IF IT was easy everyone would be doing it,” a friend involved in African retail property development often says. He also says “the best development is the one that happens”, referring to the many plans of developers, funders and others who see the opportunity to build shopping malls in Africa frustrated by the myriad challenges involved.
Many targeted sites have remained pins on a map for years. But there has been a ramping up of interest in the sector lately, particularly from South African developers who are eager to supply world-class centres to retailers looking for early-mover advantage in growing markets outside SA.
The city centre of Lusaka is already overtraded, with three big shopping centres within a 5km radius. At least one more is planned on the city’s outskirts and others in mining towns.
But in other, larger markets, there is little critical mass. For example, in Lagos, a city of anything between 9-and 15-million people, depending on who you ask, there are only three retail malls. In Accra, up to 3-million people are served by one western-style mall.
There are high expectations for retail property development in Africa. In Ghana, about four malls are in the pipeline for the next two to three years and six in Nigeria — two of Africa’s fastest growing countries. Several are planned in countries such as Kenya, Mozambique and others, some as standalone malls and others as part of mixed-use developments.
Most of SA’s big retailers have ambitious expansion plans in African markets outside SA for anything between several dozen stores to more than 100 over the next few years.
Overseas brands such as Adidas and KFC are already in African shopping centres to the north and a few others are testing the waters with franchises. But a global survey of retailers by South African property management company Broll indicates relatively few are ready to take the plunge yet. Out of 326 companies interviewed, only a handful were looking at African markets at all and they had an interest in SA and North African countries but showed no appetite for the markets the South Africans favour — such as Kenya, Nigeria, Zambia, Mozambique and others. South African-based companies have moved into this space, beating a path for companies from other regions to follow when their appetite for risk increases.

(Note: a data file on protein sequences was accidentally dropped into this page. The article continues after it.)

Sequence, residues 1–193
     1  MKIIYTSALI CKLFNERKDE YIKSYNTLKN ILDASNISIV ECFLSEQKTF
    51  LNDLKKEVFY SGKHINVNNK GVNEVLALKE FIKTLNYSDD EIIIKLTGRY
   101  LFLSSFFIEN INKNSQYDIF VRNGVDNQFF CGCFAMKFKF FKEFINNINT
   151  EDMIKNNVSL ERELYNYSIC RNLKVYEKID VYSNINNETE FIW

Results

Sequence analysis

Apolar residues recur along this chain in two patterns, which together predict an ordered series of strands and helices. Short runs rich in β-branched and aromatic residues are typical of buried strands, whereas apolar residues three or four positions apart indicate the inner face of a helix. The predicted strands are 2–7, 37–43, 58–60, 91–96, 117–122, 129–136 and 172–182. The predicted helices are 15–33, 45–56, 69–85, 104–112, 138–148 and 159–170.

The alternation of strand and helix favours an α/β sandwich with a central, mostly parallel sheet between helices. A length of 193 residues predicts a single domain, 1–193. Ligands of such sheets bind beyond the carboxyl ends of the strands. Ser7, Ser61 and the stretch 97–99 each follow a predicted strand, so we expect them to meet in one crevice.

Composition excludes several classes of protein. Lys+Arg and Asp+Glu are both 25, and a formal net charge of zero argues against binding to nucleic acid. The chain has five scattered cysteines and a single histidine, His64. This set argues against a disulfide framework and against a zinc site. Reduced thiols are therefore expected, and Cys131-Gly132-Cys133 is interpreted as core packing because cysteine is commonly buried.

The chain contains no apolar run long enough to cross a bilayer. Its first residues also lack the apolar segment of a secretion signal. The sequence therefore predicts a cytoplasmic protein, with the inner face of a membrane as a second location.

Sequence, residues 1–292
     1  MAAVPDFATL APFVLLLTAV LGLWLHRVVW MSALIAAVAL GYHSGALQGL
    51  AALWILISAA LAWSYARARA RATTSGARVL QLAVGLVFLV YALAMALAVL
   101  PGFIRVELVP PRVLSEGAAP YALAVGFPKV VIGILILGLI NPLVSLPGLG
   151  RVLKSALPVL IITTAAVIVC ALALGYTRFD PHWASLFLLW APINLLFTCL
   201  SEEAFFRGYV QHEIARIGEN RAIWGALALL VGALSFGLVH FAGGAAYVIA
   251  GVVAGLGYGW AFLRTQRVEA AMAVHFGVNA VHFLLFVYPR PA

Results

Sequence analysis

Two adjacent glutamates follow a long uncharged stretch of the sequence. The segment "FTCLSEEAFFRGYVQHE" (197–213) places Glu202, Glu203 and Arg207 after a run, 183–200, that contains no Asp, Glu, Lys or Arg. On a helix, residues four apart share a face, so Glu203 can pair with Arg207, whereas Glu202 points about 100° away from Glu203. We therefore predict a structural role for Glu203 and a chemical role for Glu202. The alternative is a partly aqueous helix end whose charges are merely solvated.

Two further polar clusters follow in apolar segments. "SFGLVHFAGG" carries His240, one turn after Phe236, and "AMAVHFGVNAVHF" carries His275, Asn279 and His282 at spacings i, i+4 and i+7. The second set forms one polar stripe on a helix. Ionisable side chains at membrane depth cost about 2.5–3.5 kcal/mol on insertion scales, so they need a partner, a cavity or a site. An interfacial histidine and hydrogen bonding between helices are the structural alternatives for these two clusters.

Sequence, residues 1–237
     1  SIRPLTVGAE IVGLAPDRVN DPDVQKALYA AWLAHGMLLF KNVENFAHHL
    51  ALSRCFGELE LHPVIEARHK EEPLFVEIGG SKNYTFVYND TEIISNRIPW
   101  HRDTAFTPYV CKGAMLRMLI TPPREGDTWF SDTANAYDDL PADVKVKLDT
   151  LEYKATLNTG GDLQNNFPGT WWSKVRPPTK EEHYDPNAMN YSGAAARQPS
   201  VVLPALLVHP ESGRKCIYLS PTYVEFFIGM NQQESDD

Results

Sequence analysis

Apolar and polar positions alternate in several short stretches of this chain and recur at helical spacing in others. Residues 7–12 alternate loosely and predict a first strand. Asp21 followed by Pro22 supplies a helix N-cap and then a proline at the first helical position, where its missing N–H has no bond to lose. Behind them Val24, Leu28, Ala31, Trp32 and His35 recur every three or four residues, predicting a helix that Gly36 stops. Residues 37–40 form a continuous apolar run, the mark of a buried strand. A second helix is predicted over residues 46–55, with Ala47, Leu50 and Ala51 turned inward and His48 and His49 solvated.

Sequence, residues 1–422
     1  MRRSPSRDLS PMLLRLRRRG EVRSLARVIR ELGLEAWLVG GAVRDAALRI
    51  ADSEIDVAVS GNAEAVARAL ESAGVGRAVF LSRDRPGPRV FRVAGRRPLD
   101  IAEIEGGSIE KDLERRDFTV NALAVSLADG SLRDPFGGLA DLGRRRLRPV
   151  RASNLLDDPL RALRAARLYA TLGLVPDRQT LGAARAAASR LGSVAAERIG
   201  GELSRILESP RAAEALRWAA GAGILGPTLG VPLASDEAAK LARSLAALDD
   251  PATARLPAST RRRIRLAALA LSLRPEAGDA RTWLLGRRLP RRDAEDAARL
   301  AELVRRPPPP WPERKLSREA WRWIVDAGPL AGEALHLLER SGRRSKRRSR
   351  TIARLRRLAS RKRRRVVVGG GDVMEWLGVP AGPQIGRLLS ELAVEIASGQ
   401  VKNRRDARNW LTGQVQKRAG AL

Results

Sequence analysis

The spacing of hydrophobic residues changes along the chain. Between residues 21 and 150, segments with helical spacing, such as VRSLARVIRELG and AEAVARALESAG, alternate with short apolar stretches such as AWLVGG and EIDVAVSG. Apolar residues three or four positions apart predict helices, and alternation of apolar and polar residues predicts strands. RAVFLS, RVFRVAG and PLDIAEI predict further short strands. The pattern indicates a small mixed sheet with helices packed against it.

But developers are not finding it easy, particularly in Nigeria, a key target for African expansion plans. As one old Africa hand says: “It’s not twice as difficult to develop a shopping mall in countries such as Nigeria as it is in SA; it is three to four times more difficult.” Problem-free land title is one of the challenges. Litigation from multiple claimants remains an ever-present threat. High costs of land and availability of large tracts of it in congested cities is also an issue.
The limited availability of long-term debt and a relatively low level of interest by international institutions in African property funds are among the challenges. Imported professional skills and inputs, power shortages and a range of other factors in the supply chain ramp up costs, so high rentals are needed to yield a decent return.
Ad hoc government policy is another issue. While Nigeria’s removal of clothing from a list of banned imports has opened up big opportunities for retailers, shoes — a big seller for fashion retailers — remain on the list in a vain attempt to protect the country’s ailing leather industry.
In Zambia, a recent government decision to prevent foreign currency being used for local transactions is a big concern for property companies, which index rentals to the US dollar. One expert says $500m of investment in Zambia’s property market has been put on hold as a result.
There is also the question of whether the emerging African middle class is as big as the experts maintain it is. Rapid urbanisation rates are pushing up potential consumer numbers but not necessarily incomes. These factors, among many others, are a brake on the desire of developers and retailers to build critical mass quickly in African markets. It may still be a while before their high expectations match the reality on the ground.
• Games is CEO of Africa At Work, an African business consultancy.